Organization: Community Resource Centre of Centre and North Wellington & Bungalow 55
Project: Garden and Culinary Project
Vital Signs Priority: Arts & Culture & Belonging & Leadership 

Bungalow 55 is a focal point for community collaboration and change that supports social innovation. It engages community members in an inclusive way on an ongoing basis through our weekly community luncheons, which are open to everyone. We contribute actively to a vibrant and healthy community by growing good food in our back yard, and we are in the process of turning the front yard into an inviting, food-producing space as well. To create a focal point for this space, and to inspire a deeper understanding of the contributions made by Elora’s citizens in 1867, we will build a commemorative garden at the front of our property. A local stoneworker will work with youth to create a dry stone structure that will act as a raised bed and will have space for seating, as well as a commemorative carved stone. At the completion of this garden feature, the community will be invited to a dinner showcasing food and recipes typical of the 1860’s. Our goal is to demonstrate that urban spaces lend themselves beautifully to food production, as they did in the past. Through the garden we will raise more awareness in the community of what we are doing at Bungalow 55, and we will help socially marginalized community members by providing them with healthy food and expanded opportunities for engagement and interaction.

What is the importance of this project for Canada’s 150th?

One of Elora’s prominent citizens 150 years ago was Charles Clarke, merchant, politician, newspaper founder and editor, and father of Charles Kirk Clarke, after whom the Clarke Institute in Toronto is named. In 1867, Clarke owned the property on which Bungalow 55 stands, and his diary shows that he was an avid gardener and ornithologist. The historical resonance of this fact is not lost on us! We are planting in soil that Clarke may indeed have turned 150 years ago. We would like to honour Clarke by creating a memorial garden at the front of our property. We have already been inspired by his example as we have delved into historical records and discovered that he gardened extensively on our very property, producing a wide variety of food for his family.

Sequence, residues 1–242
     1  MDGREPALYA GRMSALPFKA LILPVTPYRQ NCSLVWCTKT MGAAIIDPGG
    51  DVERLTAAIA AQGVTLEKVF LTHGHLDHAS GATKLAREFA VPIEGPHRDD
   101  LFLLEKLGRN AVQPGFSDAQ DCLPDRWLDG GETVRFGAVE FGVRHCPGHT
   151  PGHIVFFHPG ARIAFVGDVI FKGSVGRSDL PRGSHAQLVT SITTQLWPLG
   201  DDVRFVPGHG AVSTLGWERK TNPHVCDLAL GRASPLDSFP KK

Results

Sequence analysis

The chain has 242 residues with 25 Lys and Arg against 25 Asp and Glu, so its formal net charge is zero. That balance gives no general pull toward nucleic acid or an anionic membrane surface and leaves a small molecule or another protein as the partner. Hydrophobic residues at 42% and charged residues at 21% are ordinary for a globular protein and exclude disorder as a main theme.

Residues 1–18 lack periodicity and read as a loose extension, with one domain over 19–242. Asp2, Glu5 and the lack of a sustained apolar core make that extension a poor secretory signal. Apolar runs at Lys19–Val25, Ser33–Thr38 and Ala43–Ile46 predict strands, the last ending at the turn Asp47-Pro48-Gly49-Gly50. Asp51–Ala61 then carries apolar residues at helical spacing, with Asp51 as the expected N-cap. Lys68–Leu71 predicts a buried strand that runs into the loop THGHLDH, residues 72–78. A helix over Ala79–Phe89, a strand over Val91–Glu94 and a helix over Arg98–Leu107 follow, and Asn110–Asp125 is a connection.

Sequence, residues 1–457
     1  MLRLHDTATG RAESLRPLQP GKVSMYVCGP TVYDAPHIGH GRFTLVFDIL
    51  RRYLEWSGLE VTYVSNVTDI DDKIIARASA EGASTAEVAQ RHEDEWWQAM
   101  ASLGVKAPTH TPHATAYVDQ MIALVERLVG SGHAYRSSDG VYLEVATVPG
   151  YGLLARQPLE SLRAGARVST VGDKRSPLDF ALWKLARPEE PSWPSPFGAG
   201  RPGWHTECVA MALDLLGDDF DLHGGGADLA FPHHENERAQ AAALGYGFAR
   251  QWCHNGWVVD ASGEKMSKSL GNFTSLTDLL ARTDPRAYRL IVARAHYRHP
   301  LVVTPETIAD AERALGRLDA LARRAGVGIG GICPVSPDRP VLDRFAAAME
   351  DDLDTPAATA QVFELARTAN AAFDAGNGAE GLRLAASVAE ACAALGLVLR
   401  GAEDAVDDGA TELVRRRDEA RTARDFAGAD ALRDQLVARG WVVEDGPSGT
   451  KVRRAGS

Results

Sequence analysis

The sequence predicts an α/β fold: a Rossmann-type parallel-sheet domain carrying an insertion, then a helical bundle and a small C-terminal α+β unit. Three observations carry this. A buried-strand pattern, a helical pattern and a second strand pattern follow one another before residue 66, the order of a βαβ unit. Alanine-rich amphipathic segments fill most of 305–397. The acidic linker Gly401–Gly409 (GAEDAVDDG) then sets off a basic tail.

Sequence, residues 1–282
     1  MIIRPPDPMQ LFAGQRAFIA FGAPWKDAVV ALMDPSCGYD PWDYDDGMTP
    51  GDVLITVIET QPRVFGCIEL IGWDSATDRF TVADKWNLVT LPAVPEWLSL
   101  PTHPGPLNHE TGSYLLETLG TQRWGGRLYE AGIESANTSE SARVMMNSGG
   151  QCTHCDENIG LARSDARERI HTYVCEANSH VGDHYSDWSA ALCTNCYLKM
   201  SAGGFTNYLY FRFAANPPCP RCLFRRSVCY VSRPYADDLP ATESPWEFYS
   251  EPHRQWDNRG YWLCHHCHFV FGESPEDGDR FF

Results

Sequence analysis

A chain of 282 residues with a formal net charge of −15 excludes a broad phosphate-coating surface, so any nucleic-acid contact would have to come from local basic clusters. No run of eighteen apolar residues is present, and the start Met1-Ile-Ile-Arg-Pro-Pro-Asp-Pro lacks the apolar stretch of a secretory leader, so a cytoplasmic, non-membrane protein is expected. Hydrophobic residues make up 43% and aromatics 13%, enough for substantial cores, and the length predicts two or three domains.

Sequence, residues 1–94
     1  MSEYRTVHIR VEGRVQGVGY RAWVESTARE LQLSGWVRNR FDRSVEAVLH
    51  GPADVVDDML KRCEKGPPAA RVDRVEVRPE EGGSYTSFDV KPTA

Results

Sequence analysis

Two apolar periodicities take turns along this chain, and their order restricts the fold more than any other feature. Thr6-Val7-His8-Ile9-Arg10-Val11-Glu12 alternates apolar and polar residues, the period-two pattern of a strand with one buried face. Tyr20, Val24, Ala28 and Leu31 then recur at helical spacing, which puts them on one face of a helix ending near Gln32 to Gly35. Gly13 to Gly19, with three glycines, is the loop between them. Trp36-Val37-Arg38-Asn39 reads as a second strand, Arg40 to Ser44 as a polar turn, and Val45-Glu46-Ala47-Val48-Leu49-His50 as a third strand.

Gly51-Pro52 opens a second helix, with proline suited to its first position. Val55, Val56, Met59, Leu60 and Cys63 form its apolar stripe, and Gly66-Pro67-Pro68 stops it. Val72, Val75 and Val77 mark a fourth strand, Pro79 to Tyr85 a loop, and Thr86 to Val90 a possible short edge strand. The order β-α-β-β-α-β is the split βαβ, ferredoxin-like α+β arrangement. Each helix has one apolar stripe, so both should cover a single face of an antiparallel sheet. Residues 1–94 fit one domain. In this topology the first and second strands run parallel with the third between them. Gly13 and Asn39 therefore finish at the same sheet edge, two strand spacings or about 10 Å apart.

COMMUNITY FUND:

(This is our core non-restricted fund which is able to grant to a broad range of worthy causes in our community. As such, this fund is a great choice for those wishing to fund the widest spectrum of community initiatives.)

Organization: Children’s Foundation of Guelph & Wellington
Project: Future Fund Scholarship
Vital Signs Priority: Gap between Rich & Poor

We are applying for $1,000 to provide a Future Fund Scholarship for a student from Centre-Wellington District High School. The Future Fund Scholarship of $1,000 is awarded annually to one student at each high school in Guelph and Wellington County to pursue the post-secondary education of their choice. The students are nominated by the Guidance Department and/or Commencement Committee of each high school. Recipients are selected by educators or social workers who have identified the youth as someone who has overcome adversity to achieve their goal of graduating high school despite unusual educational, family or social challenges.

The Future Fund Scholarship is unique in that the criteria for recipients do not focus on academic standing alone but rather on life achievements and goals in the face of difficult life situations. This is the story of a past recipient who I think exemplifies the type of students who are supported through the Scholarship program. (Note: the name has been changed for privacy reasons)

Samuel came from a low-income family with a single-mother who worked two low paying jobs. He himself worked odd jobs from a young age, and raised enough money to fund his own student exchange program trip. In high school, he worked every day before and after school to earn his own money, working 20 hours per week while balancing time for school and sports. In 2015, his family almost lost their house due to their finances being so bad, and he stepped in to lend his mother the money to keep them afloat.

His father had no faith in him and saw him as a “loser and doubted that he would ever get into university”.   As a young child, this student was isolated and severely bullied, both verbally and physically. In Grade 12, after years of working so hard and living under stressful conditions, Samuel reached the darkest point in his young life. His grades dropped and he began skipping school. He was stressed, felt isolated and alone, and developed a video game addiction that almost cost him his future. He felt despair and saw the world as a gloomy place.

He reached out to his teachers, family, boss, and guidance counsellor for help as he realized that he hated the person he had become and desperately needed help. He “worked with an unbreakable will” to get back on track for his grade 12 do-over year, raised his grades to straight 90’s, and rediscovered his passion for learning. He was accepted into University in a science program.

The Scholarship Program not only provides much-needed financial support for students, but also celebrates their perseverance, resiliency and hard work in overcoming hardships in their life.